Walsingham realized that to defeat future plots tactics would have to include having a vast network of spies across England (and later Scotland after the accession of James I). Spies had to be able to decipher coded letters, find hidden ink in letter, search hiding spaces in homes, and infiltrate Catholic groups to know what they were up to. In effect, this created not only among the earliest espionage networks but also the first surveillance state that monitored it's people at a vast scale. It also recruited many normal people to carry out mundane, everyday espionage in many different towns and municipalities across England.[3]

Later Development

After the English Civil war in the 1650s, Oliver Cromwell realized there needed to be greater control of the postal service. Thus, the Post Office, under John Thurloe, increased letter surveillance to help uncover plots against Cromwell. This was also among the earliest known usage of mathematicians as code breakers, where Thurloe employed mathematicians from Oxford, such as John Wallis, to decipher conspiracies. This was also a period where a form of 'fake news" was instigated by the state by controlling the flow of information in mass media. While the state increased its efforts in trying to infiltrate various groups, including Catholics and potential conspirators, the state attempted to mislead in some news so as to help disrupt potential threat and ability to organize for hostile groups.[4]

Espionage, domestically and abroad, continued to be controlled by a spymaster often in the service of the monarch, that is after the monarchy was restored after the death of Cromwell. Well after Thurloe, a central spymaster, often the Secertary of State, would control both domestic and foreign spy networks. After the threat of Catholic invasion subsided, spies began to be used more against the threats to the emerging British Empire. Namely, this was France before and during the Napoleonic wars. Throughout the 19th century, espionage continued to mostly use the structure developed in the 17th century. This meant there was increasingly high burden on a single figure in government responsible for domestic and foreign spies.[5]

British Espionage Services

The increasing complexities of the 19th century and British entanglement in international affairs as the British Empire expanded demonstrated a new structure was needed to manage the government's espionage services. In 1909, the Security Service (MI5) and Secret Intelligence Service (MI6) were created with the realization two agencies were needed to manage domestic (MI5) and foreign intelligence (MI6) gathering. At this point, the emerging power of Germany became the biggest foreign threat, while civil unrest over inequality and poor conditions meant that MI5 was also very active in thwarting rebellion. However, it was the events of World War I were both these services saw great expansion. Even before the war, there was much tension over the increasing naval arms race between Britain and Germany that led to many accusations of espionage by Germany, with at least one case a true plot was, indeed, uncovered. During World War I, approximately 120 spies served Germany and were sent or assitgned to Britain, of which 65 were caught and the remainder failed to send significant intelligence. This demonstrated that the new structure of dividing the external and internal spy agencies was a relatively workable model. By the end of World War I, the new threat was seen to be Communism and rise of the Soviet Union.[6]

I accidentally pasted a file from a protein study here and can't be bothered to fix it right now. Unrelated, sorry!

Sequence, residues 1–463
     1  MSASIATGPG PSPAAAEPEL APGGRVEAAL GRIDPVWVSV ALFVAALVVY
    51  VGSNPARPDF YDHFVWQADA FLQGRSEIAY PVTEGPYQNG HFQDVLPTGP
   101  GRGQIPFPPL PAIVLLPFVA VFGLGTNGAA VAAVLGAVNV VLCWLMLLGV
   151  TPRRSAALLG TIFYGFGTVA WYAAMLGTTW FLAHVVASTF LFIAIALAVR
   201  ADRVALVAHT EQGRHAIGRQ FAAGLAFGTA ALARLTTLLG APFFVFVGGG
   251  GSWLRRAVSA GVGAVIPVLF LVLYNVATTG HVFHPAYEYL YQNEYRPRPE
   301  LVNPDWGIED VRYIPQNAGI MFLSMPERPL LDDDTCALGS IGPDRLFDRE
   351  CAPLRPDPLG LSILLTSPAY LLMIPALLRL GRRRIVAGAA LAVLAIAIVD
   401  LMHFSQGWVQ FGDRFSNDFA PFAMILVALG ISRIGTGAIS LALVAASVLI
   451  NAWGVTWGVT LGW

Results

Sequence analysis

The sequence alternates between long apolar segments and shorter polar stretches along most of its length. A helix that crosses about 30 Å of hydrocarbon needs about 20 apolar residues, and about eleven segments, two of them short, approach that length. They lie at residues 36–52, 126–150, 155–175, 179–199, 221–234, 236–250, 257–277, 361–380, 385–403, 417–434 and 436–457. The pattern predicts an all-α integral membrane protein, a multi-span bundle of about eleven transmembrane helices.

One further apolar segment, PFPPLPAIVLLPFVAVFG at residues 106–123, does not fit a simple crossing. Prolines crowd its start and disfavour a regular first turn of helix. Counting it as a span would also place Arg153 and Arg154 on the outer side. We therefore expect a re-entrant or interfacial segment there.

While MI5 was active in keeping Germany and other threats away from harming Britain, MI6 worked to cultivate its spies in the continent. The development of many spies in Belgium, in particular, allowed Britain to gain a lot of quality intelligence from Germany during the course of the war. This network was known as ‘La Dame Blanche, where everything from monitoring train movements to troop movements and reports about battlefield losses were obtained from the spy networks primary area of operations in Belgium.[7]

Conclusion

References

  1. For more on the Elizabethan spy network, see: Steve Arman, Simon Bird, Malcolm Wilkinson, & Rosemary Rees (eds.) (2002) Reformation and rebellion 1485 - 1750. Headstart in history series ed.: Rosemary Rees ; 22002. 1. publ. Oxford, Heinemann.
  2. For more on the Bond Association, see: J. A. Wagner & Susan Walters Schmid (eds.) (2012) Encyclopedia of Tudor England. Santa Barbara, Calif, ABC-CLIO, pg. 143.
  3. For more on Walsingham's surveillance network and the skills involved for these early spies, see: Haynes, A. (2007) Walsingham: Elizabethan spymaster & statesman. Stroud, Gloucestershire, Sutton.
  4. For more on Crowell's use of spies and particularly spying on the Post Office, see: Smith, G. (2011) Royalist agents, conspirators and spies: their role in the British Civil Wars, 1640-1660. Farnham, Surrey ; Burlington, VT, Ashgate.
  5. For more on the development of spies particularly in the Napoleonic wars, see: Sparrow, E. (1999) Secret service: British agents in France, 1792-1815. Woodbridge, Suffolk, UK ; Rochester, NY, USA, Boydell Press.
  6. For more on the development of MI5 and MI6, see: Thomas, G. (2009) Secret wars: one hundred years of British intelligence inside MI5 and MI6. 1st ed. New York, Thomas Dunne Books.
  7. For more on the ‘La Dame Blanche, see: Richelson, J. (1997) A century of spies: intelligence in the twentieth century. Oxford paperpacks. New York, Oxford Univ. Press, pg. 23.